Pete was caught with a few cell phones over the years. “This caused the Parole Board, which typically comprises people from victim’s rights commissions or ex-law enforcement, to determine that I was an unreasonable risk to public safety,” he says. On the contrary, if a determinately sentenced person is caught with a cell phone, they only lose ninety-days of good-time credit.
There is a difference between being eligible and being suitable for parole. Pete has been eligible since 1997, but he says, “You must be found suitable by the parole board in order to be released.” In 2011, Pete was granted parole, but Gov. Brown reversed the decision because the victim’s family opposed it.
After the Parole Board determines that a person is suitable, they calculate the time they will serve. According to Pete, the circumstances of his case would put him at serving nineteen years. However, “The fact that [my] case occurred in 1983 shows that the board has a little regard for [their calculations] or their own rules and regulations,” he said.
Pete’s Minimum Eligible Parole Date (MEPD) was in 1997. “There is no such thing as “early-release” for anyone who has reached or exceeded their MEPD,” he says. Yet, he is continuing to advocate for expedited release based on his medical conditions.
As of Oct. 7, over six thousand people were released from CDCR custody under its three early-release programs — 91 percent of them had less than 180 days on their sentence. A psychological evaluation prior to release was not mandated. Whereas, indeterminately sentenced people undergo risk assessments that rank them as low, medium or high risk to public safety just to determine if they are suitable for parole.
About a decade ago, Pete suffered a heart attack due to a blocked artery. With his heart and respiratory conditions, he is high-risk for developing complications associated with COVID-19. In July, he developed mild symptoms and tested positive. He was sent to solitary confinement for sixty days, despite CDC recommending a fourteen-day quarantine.
Months ago, he appealed CDCR’s decision that rejected his early-release request based on his medical classification. To be considered for COVID-19 high-risk release, one would have to score four points or higher through the California Correctional Health Care Services’ (CCHCS) points system.
CCHCS weighs COVID-19 risk by allocating points for various health factors. If the person is age 65 or older, they get four points. If the person has advanced liver disease, high risk cancer, chronic obstructive pulmonary disease, immunocompromised, they get two points.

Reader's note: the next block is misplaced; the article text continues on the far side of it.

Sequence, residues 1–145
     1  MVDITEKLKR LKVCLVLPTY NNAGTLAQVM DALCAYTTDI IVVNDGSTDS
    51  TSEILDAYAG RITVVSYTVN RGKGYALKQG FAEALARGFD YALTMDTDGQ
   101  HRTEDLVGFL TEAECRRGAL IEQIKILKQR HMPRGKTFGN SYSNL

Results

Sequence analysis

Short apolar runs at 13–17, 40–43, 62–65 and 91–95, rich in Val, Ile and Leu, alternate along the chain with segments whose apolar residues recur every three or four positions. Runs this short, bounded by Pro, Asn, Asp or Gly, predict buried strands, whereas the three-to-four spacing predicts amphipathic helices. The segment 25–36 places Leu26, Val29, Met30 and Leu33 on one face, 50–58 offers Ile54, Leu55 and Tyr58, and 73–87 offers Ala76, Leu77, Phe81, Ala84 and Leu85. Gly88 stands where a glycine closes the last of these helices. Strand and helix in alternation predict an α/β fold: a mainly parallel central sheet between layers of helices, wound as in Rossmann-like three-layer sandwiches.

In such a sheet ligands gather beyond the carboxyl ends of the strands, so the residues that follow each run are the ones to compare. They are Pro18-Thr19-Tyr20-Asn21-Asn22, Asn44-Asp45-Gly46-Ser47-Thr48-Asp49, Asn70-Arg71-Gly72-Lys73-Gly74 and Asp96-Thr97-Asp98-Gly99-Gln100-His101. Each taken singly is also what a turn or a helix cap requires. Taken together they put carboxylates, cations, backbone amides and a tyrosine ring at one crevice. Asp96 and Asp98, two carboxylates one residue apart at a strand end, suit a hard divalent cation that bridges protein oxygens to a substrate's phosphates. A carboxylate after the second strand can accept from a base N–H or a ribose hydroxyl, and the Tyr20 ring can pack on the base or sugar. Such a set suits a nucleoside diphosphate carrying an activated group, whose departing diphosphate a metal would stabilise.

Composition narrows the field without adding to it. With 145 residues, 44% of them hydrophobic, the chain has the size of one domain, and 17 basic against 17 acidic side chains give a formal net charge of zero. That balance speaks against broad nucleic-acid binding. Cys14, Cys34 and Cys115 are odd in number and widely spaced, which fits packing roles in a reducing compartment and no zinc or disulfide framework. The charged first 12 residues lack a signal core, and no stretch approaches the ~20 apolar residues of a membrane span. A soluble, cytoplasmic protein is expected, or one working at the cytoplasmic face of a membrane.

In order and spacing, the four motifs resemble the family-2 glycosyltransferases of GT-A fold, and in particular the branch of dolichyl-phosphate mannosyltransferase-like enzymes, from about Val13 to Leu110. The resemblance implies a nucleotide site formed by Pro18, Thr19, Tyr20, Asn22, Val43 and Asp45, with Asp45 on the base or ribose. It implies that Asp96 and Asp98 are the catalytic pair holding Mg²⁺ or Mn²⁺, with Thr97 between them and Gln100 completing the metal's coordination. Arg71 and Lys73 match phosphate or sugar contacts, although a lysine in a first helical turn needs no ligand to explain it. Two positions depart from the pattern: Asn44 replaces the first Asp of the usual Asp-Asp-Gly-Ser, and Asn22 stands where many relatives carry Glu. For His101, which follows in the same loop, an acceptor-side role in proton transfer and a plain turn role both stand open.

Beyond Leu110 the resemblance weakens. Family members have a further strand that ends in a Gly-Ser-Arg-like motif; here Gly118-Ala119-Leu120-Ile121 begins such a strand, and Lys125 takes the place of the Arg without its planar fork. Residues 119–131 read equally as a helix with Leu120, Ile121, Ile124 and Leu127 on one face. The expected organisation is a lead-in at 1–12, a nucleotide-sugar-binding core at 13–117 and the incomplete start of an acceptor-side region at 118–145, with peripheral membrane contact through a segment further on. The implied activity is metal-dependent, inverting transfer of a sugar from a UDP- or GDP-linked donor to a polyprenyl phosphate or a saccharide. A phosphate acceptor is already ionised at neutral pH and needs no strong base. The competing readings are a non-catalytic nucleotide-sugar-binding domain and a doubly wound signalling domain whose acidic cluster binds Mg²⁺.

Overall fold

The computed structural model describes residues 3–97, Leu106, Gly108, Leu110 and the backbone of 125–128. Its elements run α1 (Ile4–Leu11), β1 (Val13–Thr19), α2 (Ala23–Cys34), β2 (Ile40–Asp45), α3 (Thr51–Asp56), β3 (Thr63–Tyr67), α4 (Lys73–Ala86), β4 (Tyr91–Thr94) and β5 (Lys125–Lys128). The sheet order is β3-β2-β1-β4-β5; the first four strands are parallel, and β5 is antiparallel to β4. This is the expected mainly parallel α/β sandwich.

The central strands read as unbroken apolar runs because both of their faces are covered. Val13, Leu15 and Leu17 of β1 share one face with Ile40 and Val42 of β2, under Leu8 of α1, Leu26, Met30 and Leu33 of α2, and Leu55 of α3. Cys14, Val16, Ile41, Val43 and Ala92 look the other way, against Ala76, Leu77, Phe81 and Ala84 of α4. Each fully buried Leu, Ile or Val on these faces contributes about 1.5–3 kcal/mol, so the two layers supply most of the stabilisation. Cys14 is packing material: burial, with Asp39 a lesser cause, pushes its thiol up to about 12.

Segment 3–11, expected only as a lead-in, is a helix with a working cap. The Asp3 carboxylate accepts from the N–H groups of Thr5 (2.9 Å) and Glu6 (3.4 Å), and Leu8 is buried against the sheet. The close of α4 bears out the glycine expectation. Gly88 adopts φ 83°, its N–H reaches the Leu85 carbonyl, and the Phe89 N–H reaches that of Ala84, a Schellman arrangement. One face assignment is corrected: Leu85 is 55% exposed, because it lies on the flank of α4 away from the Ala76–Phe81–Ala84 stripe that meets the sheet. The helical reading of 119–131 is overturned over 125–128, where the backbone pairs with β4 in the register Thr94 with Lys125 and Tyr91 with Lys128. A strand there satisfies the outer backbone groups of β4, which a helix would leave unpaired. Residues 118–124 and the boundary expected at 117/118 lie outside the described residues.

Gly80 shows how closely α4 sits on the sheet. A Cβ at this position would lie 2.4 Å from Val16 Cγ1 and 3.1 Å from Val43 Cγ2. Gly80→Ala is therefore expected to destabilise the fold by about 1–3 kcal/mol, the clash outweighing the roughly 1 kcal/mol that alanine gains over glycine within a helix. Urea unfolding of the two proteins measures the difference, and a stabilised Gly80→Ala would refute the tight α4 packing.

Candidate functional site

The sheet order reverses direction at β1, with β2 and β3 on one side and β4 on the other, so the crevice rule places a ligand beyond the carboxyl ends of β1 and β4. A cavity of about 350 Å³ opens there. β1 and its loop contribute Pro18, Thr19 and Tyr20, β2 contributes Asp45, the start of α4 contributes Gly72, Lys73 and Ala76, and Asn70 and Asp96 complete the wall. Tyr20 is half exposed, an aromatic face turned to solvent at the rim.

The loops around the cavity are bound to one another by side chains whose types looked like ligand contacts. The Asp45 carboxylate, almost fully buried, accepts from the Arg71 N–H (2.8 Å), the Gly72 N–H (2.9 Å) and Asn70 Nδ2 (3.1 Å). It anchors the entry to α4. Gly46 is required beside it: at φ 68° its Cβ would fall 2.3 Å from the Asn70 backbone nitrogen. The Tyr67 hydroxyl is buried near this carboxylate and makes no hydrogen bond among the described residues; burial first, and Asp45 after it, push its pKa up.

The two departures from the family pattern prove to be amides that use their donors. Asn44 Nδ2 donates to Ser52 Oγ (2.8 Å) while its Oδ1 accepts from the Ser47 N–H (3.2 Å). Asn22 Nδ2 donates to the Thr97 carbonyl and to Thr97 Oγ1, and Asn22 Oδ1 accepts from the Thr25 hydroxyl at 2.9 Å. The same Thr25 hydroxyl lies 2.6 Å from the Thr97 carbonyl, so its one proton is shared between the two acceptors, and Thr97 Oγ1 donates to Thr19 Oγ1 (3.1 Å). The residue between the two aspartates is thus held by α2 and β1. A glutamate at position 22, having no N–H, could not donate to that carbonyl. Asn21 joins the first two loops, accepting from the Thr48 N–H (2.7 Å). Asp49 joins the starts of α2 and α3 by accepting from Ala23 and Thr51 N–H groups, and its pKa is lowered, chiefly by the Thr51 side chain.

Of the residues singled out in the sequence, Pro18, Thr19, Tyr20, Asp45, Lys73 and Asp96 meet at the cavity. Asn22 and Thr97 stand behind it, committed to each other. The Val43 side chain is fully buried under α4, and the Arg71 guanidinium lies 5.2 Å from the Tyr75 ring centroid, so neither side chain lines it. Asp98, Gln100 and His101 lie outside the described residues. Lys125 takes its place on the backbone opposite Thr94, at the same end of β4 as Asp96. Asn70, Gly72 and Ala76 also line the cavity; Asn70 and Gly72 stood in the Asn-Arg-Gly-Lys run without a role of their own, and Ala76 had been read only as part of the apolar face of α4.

If the person has persistent asthma, chronic lung disease, diabetes, heart disease, HIV, AIDS, morbid obesity, pregnancy, or other high risk chronic conditions, they get one point.
Pete scored a total of five points.
Overall, to be considered under the third early-release category, one must have a medical risk score of four or higher, not be serving life without parole, have a risk assessment identifying them as low risk for violence, and must not be a high-risk sex offender.
Pete wrote in his appeal that he meets all of these conditions.
He also cited government code 8658, which states that “In any case in which an emergency endangering the lives of inmates of a state, county, or city penal or correctional institution has occurred or is imminent, the person in charge of the institution may remove the inmates from the institution.”
Pete’s appeal was due on October 26, yet nearly two months later, there has been no ruling on it. Pete remarked that “The state is notorious for ignoring time limits on everything.”
He added, “Once a ruling is made, I will be allowed to file an action in court. Assuming I can find the legal representation to assist me.”
Before incarcerated people accept a court action, the courts require them to first try out every other administrative remedy they can find. “However, if enough time has elapsed past the due date, the courts will consider that an exhaustion of administrative remedies.”
As of now, Pete is still waiting to hear the court’s ruling on his appeal to grant him medical release. In addition to the Parole system failing him, he has also been failed by the early-release system.
Pete has been in prison for nearly forty years for a conviction he believes is unjust. He has spent years working on himself, his education, and his case. He has two places to stay upon his release, as well as a job.
“There is a big difference between manslaughter and murder,” he says. Pete has been working on his rehabilitation for years, he believes he is not a risk to society anymore.
Even though he was already infected with COVID-19, there is still a chance for reinfection. With the pandemic ravaging San Quentin, his consistent rehabilitation, medical conditions, and time served, Pete’s case deserves to be re-evaluated for expedited release.